And parental wounds are probably the deepest set stones in the foundation of our own identities. Sometimes they’re solid bricks that have the strength to help you rise to the occasion. Other times, they’re jagged pebbles that prick your feet every time you try to take a step towards bigger, better things.
Parents have some essential responsibilities. To create a safe environment for their children, to nurture and equip them with the tools they need to best navigate the world. With unconditional love and support through the best and worst moments of their children’s lives. Psychotherapist Matthias J Barker explains it well, adding that most parents fail at one of these things, at least.
When someone doesn’t experience proper nurturing, they may have a tough time assessing their own needs and where they fit in with those of others. I see this in my mother.
My maternal grandmother is a typical Leo, vivacious, theatrical, and the queen of her domestic kingdom. We spent summers at hers, and while we faced tough times at home, my grandmother’s was a break from reality.
In all the loving and overfeeding, my sister and I were always aware of a distinction between us and our younger male cousins. We were the centre of attention until they walked through the door. We were given only two gulab jamuns each because our cousin brothers wanted four. But we never questioned our love for our grandmother. We came second, and that’s just how she was.
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As I grew up, I began to realise how problematic her actions were, especially towards her own daughter. Patriarchy, working in strange subtle ways. As much as modern women reject the restraints that held back our female ancestors, some ingrained beliefs manage to creep in.
Barker talks about parental debt – what we think we’re owed from our parents as compensation for their past faults. I came up to collect only to realise how small mine was in comparison to what was owed to my mother by her mum.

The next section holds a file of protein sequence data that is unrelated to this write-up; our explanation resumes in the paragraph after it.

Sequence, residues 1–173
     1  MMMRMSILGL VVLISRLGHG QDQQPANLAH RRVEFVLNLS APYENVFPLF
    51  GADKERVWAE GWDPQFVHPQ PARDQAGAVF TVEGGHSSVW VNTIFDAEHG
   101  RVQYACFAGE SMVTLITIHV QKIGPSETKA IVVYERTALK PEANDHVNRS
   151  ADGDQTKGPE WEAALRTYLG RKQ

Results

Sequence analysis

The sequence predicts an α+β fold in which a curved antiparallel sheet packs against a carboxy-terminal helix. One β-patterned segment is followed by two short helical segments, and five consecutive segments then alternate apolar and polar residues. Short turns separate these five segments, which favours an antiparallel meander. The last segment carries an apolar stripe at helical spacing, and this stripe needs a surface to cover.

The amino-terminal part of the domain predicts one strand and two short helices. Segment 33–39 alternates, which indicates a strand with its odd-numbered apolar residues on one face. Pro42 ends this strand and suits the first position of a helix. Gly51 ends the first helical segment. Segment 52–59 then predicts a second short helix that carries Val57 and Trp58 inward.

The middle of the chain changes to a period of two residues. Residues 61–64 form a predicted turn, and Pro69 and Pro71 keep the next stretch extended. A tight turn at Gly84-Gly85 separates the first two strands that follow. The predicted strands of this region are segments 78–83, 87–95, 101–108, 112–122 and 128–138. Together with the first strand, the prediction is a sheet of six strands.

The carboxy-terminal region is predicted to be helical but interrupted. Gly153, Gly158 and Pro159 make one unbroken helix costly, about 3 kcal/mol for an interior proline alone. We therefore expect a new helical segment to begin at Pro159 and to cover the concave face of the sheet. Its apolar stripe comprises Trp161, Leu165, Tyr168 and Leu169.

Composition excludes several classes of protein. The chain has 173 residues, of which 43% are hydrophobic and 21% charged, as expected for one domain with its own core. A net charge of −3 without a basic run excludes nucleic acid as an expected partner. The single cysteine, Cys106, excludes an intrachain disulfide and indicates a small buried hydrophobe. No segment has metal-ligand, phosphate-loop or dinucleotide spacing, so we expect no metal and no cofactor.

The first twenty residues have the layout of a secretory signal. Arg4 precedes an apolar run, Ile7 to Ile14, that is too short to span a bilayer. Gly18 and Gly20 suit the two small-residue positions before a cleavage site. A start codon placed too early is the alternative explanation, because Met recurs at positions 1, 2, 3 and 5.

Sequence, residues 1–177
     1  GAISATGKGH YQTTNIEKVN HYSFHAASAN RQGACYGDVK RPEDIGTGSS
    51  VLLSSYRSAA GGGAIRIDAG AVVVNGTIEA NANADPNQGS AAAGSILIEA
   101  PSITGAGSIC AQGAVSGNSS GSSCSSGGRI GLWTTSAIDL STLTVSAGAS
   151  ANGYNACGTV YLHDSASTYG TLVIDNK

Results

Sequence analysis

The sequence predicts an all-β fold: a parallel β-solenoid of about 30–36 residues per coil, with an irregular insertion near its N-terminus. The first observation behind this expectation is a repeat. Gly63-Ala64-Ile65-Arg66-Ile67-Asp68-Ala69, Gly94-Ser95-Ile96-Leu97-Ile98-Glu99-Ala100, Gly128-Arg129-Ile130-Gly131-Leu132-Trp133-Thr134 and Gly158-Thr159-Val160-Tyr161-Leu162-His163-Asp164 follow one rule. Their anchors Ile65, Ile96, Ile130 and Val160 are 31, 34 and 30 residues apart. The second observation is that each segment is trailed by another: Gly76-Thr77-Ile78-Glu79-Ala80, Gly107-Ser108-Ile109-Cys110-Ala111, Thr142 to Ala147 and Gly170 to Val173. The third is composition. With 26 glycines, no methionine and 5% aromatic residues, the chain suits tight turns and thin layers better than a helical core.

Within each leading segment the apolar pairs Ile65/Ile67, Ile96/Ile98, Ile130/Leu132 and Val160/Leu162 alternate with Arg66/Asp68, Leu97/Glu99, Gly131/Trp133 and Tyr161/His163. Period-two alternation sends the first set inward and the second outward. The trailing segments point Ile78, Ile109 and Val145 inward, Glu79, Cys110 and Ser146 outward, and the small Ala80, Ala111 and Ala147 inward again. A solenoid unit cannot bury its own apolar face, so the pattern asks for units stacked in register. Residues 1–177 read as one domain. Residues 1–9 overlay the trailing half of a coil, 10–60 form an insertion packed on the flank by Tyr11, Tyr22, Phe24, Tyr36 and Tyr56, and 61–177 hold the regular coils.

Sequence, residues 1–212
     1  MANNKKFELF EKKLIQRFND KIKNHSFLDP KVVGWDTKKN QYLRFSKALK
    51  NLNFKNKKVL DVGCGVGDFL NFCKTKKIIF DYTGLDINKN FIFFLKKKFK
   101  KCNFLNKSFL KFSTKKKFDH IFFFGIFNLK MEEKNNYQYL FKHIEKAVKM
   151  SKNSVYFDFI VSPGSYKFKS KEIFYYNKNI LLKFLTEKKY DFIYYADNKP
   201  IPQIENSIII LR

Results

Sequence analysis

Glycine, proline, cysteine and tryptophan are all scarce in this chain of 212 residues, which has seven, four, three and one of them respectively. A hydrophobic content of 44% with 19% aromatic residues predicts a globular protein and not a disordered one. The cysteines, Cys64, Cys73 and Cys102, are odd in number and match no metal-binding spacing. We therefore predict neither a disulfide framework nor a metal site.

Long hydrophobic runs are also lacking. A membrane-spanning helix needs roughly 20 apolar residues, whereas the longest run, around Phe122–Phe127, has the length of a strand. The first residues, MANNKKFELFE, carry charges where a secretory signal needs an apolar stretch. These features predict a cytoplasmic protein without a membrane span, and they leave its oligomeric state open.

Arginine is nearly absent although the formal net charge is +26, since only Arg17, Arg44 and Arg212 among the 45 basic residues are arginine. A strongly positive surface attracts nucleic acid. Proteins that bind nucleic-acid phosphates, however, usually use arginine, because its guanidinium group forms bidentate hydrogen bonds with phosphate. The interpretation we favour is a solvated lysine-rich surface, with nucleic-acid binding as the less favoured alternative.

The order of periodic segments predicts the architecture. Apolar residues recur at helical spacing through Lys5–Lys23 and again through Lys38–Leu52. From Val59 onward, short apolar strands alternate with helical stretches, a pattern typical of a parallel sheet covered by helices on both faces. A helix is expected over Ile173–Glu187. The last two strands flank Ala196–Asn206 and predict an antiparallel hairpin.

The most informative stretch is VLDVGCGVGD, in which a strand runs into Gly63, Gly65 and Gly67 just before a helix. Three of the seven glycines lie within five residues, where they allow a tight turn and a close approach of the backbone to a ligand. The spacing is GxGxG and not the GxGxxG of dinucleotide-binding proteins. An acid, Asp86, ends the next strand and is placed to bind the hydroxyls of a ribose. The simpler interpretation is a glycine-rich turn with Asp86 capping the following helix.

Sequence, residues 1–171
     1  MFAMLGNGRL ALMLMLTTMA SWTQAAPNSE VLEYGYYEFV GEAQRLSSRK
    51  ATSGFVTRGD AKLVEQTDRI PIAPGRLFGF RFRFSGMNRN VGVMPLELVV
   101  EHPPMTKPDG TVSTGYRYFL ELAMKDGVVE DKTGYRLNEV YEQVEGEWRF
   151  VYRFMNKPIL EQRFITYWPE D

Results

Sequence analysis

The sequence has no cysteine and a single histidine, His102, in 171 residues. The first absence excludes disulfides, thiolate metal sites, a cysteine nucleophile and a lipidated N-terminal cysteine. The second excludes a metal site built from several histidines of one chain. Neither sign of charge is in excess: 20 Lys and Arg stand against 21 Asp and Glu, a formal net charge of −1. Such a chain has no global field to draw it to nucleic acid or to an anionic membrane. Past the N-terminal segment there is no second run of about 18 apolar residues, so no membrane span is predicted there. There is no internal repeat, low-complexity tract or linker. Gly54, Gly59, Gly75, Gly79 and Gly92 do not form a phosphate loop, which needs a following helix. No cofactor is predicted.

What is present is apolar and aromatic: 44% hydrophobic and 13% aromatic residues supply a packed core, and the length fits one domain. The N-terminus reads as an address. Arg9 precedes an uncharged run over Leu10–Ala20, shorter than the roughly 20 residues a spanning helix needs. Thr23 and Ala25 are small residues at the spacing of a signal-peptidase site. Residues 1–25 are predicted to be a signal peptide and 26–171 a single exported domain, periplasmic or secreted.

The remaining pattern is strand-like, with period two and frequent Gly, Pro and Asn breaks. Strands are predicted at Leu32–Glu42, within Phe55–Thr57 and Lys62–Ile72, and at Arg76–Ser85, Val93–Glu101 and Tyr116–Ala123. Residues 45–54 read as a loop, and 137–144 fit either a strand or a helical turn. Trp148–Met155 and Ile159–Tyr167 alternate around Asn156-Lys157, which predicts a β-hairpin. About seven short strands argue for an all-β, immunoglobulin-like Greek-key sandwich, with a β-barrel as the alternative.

Seeing your parents as individuals, shaped by someone else’s parenting, gives you perspective. I finally saw the generations of patriarchal parenting trickling down from my great-grandmother to me.
I had an important decision to make. To be the catalyst that broke the pattern. Because I have the opportunity to do that. My mother may never have the chance to wipe out the debt she’s owed by her aged mother, and my grandmother probably never thought she had the right to even request it of hers.
“I’ve come to accept who my mother is and I can’t change any of that or our past,” said my mother when we were talking about mother-daughter relationships. She says she doesn’t care about it anymore, but the hurt in her voice tells a different story.
These wounds are complex and we can’t just take it to a mochi and have him glue over it. Continuing to hold on to this resentment towards our parents leads to more contention. When you’re around them, it’s as if you switch back to that inner child who’s been hurt. I would act out in angsty ways and expect her to parent me in ways she should have all those years ago. The realisation that only I could pacify this inner child helped me inch closer to forgiving her.
Something incredible happens after forgiving your parents. That upset child who’s lived inside you all this time is soothed. Maybe that’s what actually becoming an adult is. You manage to finally shimmy the kankad out of your chappal and can walk in someone else’s.
I’m not enlightened enough to sign up for sainthood just yet. There are plenty of people I still need to make amends with. I try not to but I still view my grandmother with a bit of resentment. Not because of my own experience but for what my mother will probably never say to her about her own childhood. But we’re all a work in progress, and for now, I choose to forgive, but not forget.